This pattern tends to be self-reinforcing and can be stable for days. The current model forecasts shows this pattern setting up on Friday and lasting for quite a while. Let's take a look at the upper level (500 hPa, about 18000 ft) for several times, starting with the forecast for 10 PM on Friday. The upper ridge has begun to push northward over the eastern Pacific.
and even late Tuesday, it is holding on!
You get the picture...an example of an amazing persistent blocking pattern. No precipitation over the West Coast, and yes the threat of persistent low clouds and fog over interior valleys (including Puget Sound and the Willamette valley)
Based on this pattern, the National Weather Service's Climate Prediction Center is going for below normal precipitation over both the 6-10 day (left image), and 8-14 day (right image) periods. We get stuck in a dry situation, the eastern U.S. in a wet one.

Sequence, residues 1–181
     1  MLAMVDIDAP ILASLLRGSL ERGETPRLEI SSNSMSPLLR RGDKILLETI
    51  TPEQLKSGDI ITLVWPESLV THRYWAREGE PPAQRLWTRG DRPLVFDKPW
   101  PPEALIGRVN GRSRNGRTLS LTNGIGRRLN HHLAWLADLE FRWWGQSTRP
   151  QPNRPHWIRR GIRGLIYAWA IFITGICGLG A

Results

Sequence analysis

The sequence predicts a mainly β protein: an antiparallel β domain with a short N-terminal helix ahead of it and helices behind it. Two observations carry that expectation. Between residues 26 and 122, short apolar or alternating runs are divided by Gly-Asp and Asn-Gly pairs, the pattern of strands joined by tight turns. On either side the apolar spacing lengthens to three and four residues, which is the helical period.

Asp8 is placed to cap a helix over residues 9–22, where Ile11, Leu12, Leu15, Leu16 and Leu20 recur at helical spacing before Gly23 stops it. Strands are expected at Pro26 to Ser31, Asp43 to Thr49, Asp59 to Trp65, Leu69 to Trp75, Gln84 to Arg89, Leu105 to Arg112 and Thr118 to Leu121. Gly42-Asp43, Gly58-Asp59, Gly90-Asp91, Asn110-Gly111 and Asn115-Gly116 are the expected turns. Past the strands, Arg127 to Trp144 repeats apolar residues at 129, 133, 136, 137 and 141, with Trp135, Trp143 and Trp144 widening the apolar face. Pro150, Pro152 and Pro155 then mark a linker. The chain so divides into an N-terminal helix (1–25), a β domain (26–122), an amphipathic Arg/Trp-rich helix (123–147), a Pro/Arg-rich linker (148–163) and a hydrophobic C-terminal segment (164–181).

It is good we have a decent snow pack right now....there will be little additional accumulation starting Friday.
We are now running out of the time for real winter weather. Generally, it is rare to get major windstorms, precipitation events (atmospheric rivers), snow, or anything else after the third week of February around here. We know nothing is in store for the first two weeks of the month. Not much time after that.
Finally, the meteorological honor of Seattle citizens is at stake. Atlantic Monthly has called us "weather wussies" because we are sensitive to a little snow. Let them check out our hills or the ice that tends to develop after light snow. Consider that East Coast types, such as the Atlantic editorial staff, give names like "Storm of the Century" and "Perfect Storm" to events that would invoke a tepid shrug from a Northwesterner. We know who the real weather wimps are.